The Department of Nutrition, Exercise and Sports (NEXS) at the University of Copenhagen has conducted a randomised controlled interventional study to investigate the potential advantages of delivering personalised nutrition interventions (meals and dietary advice) to men and women with excess body weight.
We interviewed Kristina Pigsborg and Mona Aldubayan, PhD students, who are managing the Danish PREVENTOMICS study to learn more about the clinical trial conducted and find out about first results.
What were the main goals of this study?
The main goal of our pilot clinical trial was to investigate the effect of providing a personalised nutrition treatment plan — consisting of daily meals and dietary advice — to individuals with overweight or obesity over a 10-week period in relation to body weight loss and fat mass loss, compared to a nutrition plan based on general dietary recommendations. Furthermore, we wanted to explore the effects of these diets on a variety of cardiometabolic risk factors.
How many people participated, and which requirements had to meet?
We recruited men and women aged 18-65 years with excess body weight — but otherwise healthy — who had a smartphone. We ended up with 100 participants starting the 10-week intervention, randomly assigned to the personalised treatment group or the control group, of whom 82 completed the study.
The study lasted 10 weeks. Can you explain what was expected from participants during this period?
Before starting the intervention, all participants came to our facilities, where we collected a variety of anthropometric measures, biological samples (blood, urine, faeces, saliva), a full body scan for body composition, and questionnaires about health-related behaviours.
During the following 10 weeks, our local partner (Simple Feast) delivered food to participants twice a week, covering their breakfasts and dinners for 6 days of the week. These meals were tailored to the unique metabolic and genetic profile of the participants in the personalised group; instead, for the control group, meals were generic (adhering to general dietary recommendations for the population). These meals were almost ready to eat, but participants needed to do the last 10-15 min of preparation. Other than that, participants were receiving small behavioural messages nudging them to implementing these into their lifestyle. At the end of the intervention, participants came back to our facilities and all measurements and samples collected at baseline were repeated.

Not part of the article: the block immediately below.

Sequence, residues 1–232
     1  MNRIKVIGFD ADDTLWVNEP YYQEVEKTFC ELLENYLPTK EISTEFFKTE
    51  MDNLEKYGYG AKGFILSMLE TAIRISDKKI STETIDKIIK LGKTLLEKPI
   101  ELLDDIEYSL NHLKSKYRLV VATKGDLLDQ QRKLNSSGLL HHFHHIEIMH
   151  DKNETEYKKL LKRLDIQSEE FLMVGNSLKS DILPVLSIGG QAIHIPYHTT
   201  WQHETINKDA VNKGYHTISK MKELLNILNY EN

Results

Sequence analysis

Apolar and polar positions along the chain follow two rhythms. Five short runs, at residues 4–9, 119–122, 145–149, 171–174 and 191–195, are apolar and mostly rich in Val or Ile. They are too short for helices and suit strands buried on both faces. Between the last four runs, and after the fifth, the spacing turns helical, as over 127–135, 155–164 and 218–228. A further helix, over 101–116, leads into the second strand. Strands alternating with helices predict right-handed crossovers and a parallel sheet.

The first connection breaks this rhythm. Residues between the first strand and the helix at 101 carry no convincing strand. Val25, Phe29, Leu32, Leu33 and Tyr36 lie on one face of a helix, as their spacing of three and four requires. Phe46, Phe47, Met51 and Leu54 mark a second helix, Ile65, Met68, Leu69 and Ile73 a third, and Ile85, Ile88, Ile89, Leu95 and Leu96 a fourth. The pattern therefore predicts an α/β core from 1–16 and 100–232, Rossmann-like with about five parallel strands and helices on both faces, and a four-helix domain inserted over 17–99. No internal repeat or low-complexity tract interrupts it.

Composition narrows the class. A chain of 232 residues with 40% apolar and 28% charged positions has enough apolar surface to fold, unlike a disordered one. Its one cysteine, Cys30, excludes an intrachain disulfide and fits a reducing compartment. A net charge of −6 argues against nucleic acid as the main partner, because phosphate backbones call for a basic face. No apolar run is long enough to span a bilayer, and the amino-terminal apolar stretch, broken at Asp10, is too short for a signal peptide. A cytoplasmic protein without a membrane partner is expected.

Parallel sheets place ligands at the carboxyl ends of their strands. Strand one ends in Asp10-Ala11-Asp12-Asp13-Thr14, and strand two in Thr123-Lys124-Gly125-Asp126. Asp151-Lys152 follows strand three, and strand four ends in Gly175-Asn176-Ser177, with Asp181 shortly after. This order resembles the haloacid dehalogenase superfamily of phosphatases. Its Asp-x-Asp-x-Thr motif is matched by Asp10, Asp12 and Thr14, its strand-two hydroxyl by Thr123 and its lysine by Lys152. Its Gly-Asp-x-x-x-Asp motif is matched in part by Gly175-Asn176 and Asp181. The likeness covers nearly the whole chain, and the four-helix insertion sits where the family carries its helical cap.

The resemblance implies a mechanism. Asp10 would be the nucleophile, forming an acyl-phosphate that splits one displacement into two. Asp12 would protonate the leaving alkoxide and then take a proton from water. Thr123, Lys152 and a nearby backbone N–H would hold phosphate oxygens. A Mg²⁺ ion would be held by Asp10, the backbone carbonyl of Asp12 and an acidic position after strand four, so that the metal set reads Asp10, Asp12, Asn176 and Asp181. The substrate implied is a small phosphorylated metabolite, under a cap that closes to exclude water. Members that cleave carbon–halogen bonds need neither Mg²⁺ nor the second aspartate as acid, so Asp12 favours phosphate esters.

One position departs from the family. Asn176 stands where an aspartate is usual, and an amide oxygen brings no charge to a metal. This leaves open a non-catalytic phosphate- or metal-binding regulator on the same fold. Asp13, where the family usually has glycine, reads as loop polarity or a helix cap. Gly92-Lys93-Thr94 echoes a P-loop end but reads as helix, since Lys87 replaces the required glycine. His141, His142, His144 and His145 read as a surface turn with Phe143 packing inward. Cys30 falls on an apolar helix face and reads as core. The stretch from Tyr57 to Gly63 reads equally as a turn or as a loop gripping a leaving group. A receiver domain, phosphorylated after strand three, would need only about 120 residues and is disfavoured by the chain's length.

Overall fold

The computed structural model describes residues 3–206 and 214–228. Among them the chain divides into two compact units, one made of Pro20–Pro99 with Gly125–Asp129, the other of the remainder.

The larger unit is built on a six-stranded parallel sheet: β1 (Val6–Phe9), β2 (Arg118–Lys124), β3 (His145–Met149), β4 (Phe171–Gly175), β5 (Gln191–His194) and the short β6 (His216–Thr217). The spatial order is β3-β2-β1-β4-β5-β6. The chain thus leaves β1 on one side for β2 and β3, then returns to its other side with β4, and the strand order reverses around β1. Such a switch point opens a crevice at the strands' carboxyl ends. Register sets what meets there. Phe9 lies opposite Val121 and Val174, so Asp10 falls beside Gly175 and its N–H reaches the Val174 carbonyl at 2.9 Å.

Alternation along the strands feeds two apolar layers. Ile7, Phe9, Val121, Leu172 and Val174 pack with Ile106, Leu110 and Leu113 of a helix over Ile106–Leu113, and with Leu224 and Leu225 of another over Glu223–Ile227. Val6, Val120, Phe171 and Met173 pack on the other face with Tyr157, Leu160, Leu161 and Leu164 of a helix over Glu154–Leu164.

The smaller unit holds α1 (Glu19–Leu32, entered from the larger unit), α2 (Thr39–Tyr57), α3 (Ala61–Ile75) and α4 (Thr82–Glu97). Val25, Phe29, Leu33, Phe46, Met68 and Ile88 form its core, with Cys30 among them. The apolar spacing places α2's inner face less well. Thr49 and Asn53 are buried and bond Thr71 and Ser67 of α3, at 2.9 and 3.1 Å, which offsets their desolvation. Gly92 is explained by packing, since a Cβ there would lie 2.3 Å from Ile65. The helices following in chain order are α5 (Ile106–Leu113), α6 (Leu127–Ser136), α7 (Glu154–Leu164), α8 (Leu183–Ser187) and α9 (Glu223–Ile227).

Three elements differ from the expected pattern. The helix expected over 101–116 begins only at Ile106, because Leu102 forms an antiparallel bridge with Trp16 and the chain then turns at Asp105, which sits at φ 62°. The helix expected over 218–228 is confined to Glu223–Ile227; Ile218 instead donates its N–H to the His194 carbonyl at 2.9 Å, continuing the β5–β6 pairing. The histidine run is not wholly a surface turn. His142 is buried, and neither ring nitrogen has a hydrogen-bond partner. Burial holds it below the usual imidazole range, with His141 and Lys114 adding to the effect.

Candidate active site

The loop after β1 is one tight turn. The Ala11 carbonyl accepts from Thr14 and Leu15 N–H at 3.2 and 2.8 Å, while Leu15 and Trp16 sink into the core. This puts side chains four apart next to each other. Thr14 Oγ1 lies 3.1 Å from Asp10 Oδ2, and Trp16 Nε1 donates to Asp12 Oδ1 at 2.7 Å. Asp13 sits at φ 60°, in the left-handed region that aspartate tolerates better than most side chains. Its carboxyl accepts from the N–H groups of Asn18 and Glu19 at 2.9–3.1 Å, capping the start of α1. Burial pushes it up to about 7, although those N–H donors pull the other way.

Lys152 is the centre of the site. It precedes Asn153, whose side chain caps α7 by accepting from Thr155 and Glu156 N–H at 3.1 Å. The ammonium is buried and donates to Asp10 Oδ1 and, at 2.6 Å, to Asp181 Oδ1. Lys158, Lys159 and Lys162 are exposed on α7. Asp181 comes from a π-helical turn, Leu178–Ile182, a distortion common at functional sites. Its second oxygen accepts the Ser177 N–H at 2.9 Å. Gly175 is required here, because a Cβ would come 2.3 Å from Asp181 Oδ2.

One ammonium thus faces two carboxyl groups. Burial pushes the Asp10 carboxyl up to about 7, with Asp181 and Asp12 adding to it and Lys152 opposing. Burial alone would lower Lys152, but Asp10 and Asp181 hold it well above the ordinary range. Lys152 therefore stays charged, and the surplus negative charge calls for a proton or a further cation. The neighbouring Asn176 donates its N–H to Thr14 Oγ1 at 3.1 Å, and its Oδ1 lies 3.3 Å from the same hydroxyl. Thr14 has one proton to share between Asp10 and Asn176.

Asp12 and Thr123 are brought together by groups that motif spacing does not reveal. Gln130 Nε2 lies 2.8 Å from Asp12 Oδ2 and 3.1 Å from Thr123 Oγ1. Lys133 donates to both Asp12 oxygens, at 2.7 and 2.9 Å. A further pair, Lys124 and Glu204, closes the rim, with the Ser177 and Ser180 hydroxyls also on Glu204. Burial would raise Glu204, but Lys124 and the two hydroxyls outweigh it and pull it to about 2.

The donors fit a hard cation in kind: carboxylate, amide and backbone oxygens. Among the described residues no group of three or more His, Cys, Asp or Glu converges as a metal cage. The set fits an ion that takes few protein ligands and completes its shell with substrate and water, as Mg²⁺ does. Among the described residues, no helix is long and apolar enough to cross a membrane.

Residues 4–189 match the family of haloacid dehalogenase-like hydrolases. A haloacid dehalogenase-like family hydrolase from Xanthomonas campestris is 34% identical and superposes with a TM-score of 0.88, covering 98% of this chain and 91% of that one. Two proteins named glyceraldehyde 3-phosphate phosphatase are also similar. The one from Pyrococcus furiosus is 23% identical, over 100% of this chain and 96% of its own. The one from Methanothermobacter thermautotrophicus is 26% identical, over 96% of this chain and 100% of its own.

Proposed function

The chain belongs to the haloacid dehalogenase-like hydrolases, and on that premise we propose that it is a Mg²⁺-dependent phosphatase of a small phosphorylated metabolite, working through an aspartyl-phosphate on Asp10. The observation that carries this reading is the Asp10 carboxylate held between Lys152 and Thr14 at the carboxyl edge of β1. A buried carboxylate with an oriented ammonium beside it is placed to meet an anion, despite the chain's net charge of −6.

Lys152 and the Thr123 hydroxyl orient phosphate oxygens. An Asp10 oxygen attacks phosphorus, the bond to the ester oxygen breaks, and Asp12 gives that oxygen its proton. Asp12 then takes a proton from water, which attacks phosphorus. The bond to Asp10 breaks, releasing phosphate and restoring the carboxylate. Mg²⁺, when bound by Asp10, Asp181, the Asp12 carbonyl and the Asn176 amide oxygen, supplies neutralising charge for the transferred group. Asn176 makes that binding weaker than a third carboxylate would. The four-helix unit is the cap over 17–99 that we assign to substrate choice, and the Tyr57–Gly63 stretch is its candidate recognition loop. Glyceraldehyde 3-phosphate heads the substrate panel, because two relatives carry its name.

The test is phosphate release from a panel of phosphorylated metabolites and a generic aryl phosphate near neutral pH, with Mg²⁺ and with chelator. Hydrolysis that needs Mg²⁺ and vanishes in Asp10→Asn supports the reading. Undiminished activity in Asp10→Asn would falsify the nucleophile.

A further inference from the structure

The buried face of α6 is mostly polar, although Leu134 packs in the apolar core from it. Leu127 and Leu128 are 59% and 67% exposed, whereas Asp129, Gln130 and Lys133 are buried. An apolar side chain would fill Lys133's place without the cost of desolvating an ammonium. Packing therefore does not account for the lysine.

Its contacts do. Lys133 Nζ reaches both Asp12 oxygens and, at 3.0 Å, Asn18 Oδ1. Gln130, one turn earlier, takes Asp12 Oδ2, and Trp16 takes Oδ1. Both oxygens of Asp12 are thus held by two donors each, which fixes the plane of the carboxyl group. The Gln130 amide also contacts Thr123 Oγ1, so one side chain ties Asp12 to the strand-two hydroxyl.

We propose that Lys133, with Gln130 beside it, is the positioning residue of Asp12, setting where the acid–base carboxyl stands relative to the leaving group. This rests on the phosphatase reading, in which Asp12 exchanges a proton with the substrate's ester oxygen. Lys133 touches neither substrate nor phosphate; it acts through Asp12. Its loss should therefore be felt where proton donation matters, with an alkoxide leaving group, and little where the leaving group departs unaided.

Could you prove that participants following PREVENTOMICS personalised nutritional advice and an individualised meal plan experienced a greater reduction in excess body fat and improved their overall health?
Unfortunately, we did not. Both diets led to small but significant reductions in body weight and fat mass, with no differences between the personalized and control interventions. We suspect this is because both treatment plans — the personalized one and the one based on general recommendations — provided diets that were generally healthy, and probably healthier than the habitual diets people typically consume. As a result, all participants lost some weight (about 3 kg) and body fat (about 2 kg).
Nonetheless, despite the generally mirror weight loss, we observed significant improvements in participants’ glycaemic and lipid profiles after the intervention.
Which indicators and technology did you use to assess the impact of the interventional study in participants’ health?
To measure the effects of the intervention on the health status of our participants, we used dual energy X ray absorptiometry, a technique that provides detailed composition of the body in bone, fat and lean tissues. We also used a wearable technology (accelerometer) to track participants’ physical activity habits. Finally, numerous health biomarkers are measured in blood, saliva, urine and faecal samples by a combination of standard analytical chemistry and novel ‘omics’ techniques.